The train started to slow down. As it did, something inside me told me that I wasn’t alone. That was when, in the slowing train, I saw a silhouette of someone standing right next to me. This meant that she, it was a woman, was there all along.
I wasn’t sure what ascertained it, but I became aware that she was someone I knew for, perhaps, my entire life. Although, for the life of me, cannot remember exactly who she was. I just couldn’t place her, not with part of my mind still distracted trying to adjust to my current circumstances. Was she my wife? Or, was she my cousin? Or, was she my first love? I just didn’t know.
All that I could recollect about her were three things: 1. I knew her for almost all my life; she was an integral part of my life. 2. I knew that I cared for her so much so that I will risk everything to save her. 3. I knew that she can’t keep her mouth shut even if her life depended on it, which was, truly and metaphorically speaking, the case then.
“We are in trouble”, I said out loud to no one in particular.
I heard nothing back; there was no response. That appeased me. It meant, or at least I could hope, that she knew the seriousness of the situation and that any sound meant more trouble. As soon as I thought that, I felt that I gave her not enough credit. She was quiet all along, wasn’t she. She never made a sound, let alone say something. Perhaps, I was wrong in my judgement.
I left those tangential thoughts, those guilty thoughts, there. I might pick them up when I would be under clearer skies. For the moment, I had to get us out of there, the both of us. I looked around to see, to find, an escape that, I most certainly knew, wasn’t there. My eyes searched, hoping against hope, for any duct that could lead us to the aforementioned clearer skies.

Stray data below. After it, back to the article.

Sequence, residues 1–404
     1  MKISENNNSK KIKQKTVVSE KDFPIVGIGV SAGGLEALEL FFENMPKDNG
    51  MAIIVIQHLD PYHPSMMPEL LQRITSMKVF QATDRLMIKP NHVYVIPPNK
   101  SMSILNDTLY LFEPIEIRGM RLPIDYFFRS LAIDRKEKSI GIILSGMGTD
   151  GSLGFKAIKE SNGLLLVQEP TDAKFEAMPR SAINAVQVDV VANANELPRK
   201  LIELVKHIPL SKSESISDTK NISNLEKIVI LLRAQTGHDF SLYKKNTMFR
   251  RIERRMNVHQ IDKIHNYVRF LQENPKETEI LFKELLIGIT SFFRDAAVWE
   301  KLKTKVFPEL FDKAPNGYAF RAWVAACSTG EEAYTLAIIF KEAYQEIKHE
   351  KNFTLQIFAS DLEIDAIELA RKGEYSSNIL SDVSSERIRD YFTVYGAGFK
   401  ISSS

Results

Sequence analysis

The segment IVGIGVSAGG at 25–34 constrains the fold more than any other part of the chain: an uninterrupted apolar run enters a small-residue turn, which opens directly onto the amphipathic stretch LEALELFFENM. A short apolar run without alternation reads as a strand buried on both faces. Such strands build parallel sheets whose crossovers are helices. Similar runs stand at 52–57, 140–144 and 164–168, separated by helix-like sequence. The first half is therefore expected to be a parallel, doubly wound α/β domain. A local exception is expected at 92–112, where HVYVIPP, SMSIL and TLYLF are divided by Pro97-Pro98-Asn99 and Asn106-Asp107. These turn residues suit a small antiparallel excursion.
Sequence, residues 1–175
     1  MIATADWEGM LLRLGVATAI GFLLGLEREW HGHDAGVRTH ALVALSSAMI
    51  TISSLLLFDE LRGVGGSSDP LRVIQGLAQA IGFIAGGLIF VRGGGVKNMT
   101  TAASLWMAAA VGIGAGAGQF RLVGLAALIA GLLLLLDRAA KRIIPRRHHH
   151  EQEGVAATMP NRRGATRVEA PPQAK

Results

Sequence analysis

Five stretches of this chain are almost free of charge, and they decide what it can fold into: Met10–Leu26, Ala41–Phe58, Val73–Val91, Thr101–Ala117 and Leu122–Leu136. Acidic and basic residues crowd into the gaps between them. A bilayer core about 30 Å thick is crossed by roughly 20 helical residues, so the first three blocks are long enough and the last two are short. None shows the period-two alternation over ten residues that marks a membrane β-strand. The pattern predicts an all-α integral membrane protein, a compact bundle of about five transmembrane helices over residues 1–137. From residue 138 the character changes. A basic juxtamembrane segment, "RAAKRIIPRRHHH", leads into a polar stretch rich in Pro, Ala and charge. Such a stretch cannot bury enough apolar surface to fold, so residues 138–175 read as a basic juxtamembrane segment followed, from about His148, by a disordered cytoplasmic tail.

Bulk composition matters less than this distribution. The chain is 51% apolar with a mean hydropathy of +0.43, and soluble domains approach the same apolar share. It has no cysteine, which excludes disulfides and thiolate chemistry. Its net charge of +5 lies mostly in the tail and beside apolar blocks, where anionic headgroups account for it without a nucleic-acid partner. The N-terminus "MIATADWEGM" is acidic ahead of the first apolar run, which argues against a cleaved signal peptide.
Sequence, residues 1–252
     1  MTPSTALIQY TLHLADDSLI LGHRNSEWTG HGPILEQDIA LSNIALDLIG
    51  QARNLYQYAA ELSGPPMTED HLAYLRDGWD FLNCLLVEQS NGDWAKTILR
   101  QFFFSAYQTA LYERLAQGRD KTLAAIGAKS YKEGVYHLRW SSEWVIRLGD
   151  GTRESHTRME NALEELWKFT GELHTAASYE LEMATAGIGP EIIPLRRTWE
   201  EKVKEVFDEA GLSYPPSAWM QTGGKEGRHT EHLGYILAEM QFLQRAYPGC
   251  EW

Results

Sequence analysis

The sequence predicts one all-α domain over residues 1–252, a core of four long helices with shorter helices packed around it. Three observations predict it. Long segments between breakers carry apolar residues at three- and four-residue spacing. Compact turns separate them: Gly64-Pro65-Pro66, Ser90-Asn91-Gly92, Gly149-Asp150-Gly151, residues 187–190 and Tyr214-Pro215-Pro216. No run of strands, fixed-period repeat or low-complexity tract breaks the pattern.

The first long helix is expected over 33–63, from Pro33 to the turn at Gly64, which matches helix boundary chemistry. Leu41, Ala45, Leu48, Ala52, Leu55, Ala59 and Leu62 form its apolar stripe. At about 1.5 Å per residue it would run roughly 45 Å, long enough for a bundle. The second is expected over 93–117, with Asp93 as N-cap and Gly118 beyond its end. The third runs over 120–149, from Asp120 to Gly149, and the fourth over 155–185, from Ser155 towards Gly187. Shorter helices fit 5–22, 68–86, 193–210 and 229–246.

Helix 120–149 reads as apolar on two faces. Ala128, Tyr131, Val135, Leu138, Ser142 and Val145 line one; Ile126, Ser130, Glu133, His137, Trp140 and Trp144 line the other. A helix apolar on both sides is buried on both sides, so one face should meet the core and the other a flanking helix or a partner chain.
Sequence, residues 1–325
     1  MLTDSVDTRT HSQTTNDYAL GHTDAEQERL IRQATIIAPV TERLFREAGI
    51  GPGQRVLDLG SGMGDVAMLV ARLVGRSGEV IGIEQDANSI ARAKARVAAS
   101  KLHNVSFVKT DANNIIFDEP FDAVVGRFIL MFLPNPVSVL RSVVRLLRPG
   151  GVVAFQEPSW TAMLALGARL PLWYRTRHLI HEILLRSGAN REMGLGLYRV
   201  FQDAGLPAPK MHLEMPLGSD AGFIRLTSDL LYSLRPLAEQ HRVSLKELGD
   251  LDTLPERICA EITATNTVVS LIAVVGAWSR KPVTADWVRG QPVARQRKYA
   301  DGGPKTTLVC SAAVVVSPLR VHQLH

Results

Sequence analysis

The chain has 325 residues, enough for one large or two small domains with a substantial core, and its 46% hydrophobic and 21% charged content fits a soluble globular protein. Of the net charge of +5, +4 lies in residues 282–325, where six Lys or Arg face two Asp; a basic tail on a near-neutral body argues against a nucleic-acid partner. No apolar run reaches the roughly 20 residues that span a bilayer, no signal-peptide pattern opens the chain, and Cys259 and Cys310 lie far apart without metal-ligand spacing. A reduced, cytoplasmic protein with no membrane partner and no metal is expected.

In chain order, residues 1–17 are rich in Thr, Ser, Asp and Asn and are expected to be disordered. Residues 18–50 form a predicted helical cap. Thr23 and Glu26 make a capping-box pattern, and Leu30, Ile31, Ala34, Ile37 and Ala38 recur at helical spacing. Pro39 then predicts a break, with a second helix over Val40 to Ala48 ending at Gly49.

After not finding one, I admitted that the only option is to wait till the train came to a halt and see what can be done then. This was, after all, a train. Which meant that it ran on rails. This, further, meant that, wherever it went, there was a way to get back from there.
Or even better, it may be that my fears were unfounded. What if this wasn’t a kidnap after all, what if this was a regular train, one that served its purpose, taking people from point A to point B. What if …
That was all I had time to wish before I stopped my train of though, no pun intended. The reason: the train further slowed down and came to a halt.
“Let’s hope …”, I said. There was nothing that else I could say.
While I waited for the doors to open and clearer skies – I, perhaps, needed a better analogy – to unravel themselves. During those moments of waiting, all I could hear were just my own breaths. For a moment, panic took over me. I could hear only my breathing and not hers. Was she still there? If so, why can’t I hear her? If not, where did she go?
Before I could look for her, the streak of light, a few yards to my left, became wider. It accompanied the squeaks of heavy metal doors being opened.